While Washington has often urged Iraqi Prime Minister Nuri al-Maliki to rein in al-Sadr's militia, which has been blamed for much of Iraq's sectarian violence, he never seemed to make a move. Last week's crackdown, however, suggested to many that al-Maliki may have finally acquiesced to the U.S. demand.
Taking Serious Action
The initial crackdown on the Imam al-Mahdi Army by Iraqi and U.S. forces may be an indication that the militia's end is near. The mere fact that a crackdown actually occurred is important, since al-Maliki was previously unwilling to go after al-Sadr's fighters. It seems that his demands for the militia to disarm have finally been backed by tough action.
In addition, the lack of major public displays of outrage by al-Sadr supporters is perhaps an indication the movement does not currently have the popular support to withstand the moves against it. Previous attempts by U.S. forces to arrest high-ranking members of al-Sadr's circle provoked street protests and threats of retaliation.
Last week, by contrast, al-Darraji's arrest brought no protests or serious condemnation. In fact, the arrest was followed by what seemed to be a conciliatory gesture by al-Sadr toward al-Maliki, when al-Sadr's political faction announced that it had ended its boycott of the political process and decided to return to the Iraqi government.
Waning Public Support?
Al-Sadr may have realized that his position had reached an indefensible point and, fearing an all-out attack by U.S. forces, sought to present himself as more of an ally of the al-Maliki government and less of a pariah. Indeed, with the political process grinding to a halt, the al-Sadr movement's boycott was seen as one of the main obstacles preventing the parliament from carrying out its legislative duties.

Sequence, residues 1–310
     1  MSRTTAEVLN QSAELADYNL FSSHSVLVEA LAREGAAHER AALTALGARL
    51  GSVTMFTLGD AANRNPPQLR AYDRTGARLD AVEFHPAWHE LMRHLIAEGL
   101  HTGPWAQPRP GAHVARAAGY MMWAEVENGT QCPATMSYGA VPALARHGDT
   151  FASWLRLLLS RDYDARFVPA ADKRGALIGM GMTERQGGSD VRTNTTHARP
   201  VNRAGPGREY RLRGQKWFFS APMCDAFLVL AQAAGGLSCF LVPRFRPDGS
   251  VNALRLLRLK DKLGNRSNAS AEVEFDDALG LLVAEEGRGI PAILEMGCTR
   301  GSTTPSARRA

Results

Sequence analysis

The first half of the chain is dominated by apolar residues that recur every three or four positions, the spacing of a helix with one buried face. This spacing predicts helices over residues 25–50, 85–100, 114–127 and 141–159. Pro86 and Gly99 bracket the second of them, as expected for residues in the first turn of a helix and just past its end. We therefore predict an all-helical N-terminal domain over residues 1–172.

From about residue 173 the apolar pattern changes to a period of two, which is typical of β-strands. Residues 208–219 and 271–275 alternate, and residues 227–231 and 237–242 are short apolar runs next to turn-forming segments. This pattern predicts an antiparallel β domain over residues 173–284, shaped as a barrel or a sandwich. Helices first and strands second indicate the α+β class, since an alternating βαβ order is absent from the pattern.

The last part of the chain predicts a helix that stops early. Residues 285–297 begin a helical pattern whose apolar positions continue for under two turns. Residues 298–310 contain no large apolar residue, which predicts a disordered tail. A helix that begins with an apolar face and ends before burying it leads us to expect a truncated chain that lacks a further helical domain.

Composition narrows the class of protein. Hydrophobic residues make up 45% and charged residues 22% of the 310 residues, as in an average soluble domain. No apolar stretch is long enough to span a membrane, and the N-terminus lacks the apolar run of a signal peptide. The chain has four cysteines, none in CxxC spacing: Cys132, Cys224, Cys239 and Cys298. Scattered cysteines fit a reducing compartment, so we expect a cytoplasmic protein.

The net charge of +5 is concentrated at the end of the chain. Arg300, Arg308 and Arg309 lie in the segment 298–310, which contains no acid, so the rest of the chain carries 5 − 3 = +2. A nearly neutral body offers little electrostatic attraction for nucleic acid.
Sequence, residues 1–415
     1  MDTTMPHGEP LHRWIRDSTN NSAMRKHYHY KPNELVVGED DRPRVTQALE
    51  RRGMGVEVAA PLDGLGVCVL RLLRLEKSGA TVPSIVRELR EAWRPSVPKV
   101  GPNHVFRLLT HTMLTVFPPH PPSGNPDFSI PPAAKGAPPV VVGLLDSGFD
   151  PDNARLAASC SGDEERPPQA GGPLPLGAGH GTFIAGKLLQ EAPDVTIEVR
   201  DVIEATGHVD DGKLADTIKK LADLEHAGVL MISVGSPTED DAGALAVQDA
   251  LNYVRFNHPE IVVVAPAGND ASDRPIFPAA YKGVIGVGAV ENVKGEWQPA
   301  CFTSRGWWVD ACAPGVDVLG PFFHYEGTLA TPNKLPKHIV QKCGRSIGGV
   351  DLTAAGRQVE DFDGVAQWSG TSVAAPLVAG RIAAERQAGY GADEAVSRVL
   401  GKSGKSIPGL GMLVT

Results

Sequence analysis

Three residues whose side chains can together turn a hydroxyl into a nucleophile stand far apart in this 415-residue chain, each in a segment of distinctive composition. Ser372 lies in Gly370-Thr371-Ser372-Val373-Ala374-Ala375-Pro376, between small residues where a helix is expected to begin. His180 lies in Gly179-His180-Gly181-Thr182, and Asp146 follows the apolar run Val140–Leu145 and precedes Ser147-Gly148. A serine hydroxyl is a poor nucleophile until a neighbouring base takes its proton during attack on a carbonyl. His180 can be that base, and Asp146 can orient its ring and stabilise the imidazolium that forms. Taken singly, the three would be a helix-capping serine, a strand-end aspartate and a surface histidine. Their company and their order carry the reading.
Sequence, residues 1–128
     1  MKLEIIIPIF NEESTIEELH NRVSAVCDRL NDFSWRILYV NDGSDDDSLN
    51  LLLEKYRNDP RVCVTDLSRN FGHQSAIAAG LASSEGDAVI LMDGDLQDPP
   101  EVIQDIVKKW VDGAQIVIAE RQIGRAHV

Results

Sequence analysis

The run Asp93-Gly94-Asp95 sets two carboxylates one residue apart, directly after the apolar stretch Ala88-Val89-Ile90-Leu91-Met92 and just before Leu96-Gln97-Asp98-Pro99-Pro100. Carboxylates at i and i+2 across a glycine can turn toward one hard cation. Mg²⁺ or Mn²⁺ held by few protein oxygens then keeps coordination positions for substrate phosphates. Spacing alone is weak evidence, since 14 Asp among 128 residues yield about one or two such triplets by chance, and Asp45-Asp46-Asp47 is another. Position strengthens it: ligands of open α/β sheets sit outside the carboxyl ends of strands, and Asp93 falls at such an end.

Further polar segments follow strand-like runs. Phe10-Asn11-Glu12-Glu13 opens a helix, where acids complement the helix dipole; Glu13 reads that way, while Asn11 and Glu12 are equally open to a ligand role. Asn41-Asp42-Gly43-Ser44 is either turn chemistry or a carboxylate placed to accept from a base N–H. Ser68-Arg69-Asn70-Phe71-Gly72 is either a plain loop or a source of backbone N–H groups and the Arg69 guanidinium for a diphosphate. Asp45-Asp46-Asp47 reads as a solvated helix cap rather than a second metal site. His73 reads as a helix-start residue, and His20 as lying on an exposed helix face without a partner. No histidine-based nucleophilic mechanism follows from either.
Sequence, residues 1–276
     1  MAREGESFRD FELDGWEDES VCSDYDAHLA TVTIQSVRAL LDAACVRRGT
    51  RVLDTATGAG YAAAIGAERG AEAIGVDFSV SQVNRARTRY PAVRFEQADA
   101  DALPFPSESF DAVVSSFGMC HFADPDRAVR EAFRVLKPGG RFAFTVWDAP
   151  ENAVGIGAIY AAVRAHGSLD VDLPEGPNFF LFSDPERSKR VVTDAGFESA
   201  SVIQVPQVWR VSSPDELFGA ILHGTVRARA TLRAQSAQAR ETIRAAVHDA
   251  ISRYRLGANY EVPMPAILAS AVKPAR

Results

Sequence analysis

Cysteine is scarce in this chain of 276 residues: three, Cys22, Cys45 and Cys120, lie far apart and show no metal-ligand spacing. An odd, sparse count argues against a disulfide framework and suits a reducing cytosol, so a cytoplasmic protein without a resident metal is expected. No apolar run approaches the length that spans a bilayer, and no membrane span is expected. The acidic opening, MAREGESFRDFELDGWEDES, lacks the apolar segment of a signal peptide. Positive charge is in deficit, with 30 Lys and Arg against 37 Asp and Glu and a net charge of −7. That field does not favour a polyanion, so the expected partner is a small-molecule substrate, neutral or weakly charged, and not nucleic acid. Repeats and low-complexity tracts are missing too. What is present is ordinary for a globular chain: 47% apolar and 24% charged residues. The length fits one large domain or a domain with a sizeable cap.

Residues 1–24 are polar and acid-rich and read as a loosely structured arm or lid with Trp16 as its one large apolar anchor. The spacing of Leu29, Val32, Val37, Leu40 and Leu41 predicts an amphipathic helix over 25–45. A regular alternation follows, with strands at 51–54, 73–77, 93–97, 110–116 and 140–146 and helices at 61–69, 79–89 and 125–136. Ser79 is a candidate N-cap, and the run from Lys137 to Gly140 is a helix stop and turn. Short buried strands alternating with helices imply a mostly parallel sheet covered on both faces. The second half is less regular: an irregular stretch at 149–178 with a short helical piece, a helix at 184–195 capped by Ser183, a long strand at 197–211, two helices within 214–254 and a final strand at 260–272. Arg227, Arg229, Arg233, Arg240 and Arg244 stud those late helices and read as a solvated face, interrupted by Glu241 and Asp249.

However, despite the much-touted achievements, there are also some signs that the al-Mahdi Army crackdown is coming up short. It has been widely reported that movement leaders have ordered their fighters not to confront U.S. forces while they conduct security sweeps in Baghdad.
Baha' al-Araji, a leader in the al-Mahdi Army, told "Al-Zaman" on January 23 that militia fighters would not hinder the Baghdad security plan and would not retaliate against U.S. forces for the arrests of their comrades. The arrests of al-Darraji and the 600 militiamen did not produce any reprisal attacks.
"Al-Zaman" reported on January 15 that militiamen would temporarily disband and disappear into the populace, only to reemerge once U.S. forces have withdrawn from Iraq.
A Good Time For A Purge?
Moreover, the mass arrests of al-Mahdi Army fighters may directly benefit al-Sadr's leadership in the long run. There has been wide speculation among U.S. military officials that as the militia increased in size, it became more difficult for al-Sadr to control. It is believed that some of the militants may have broken away and formed "freelance" criminal gangs that have been operating beyond al-Sadr's control.
A crackdown by U.S. forces could be the ideal means by which to purge the militia of undesirable elements, resulting in a more streamlined and disciplined force.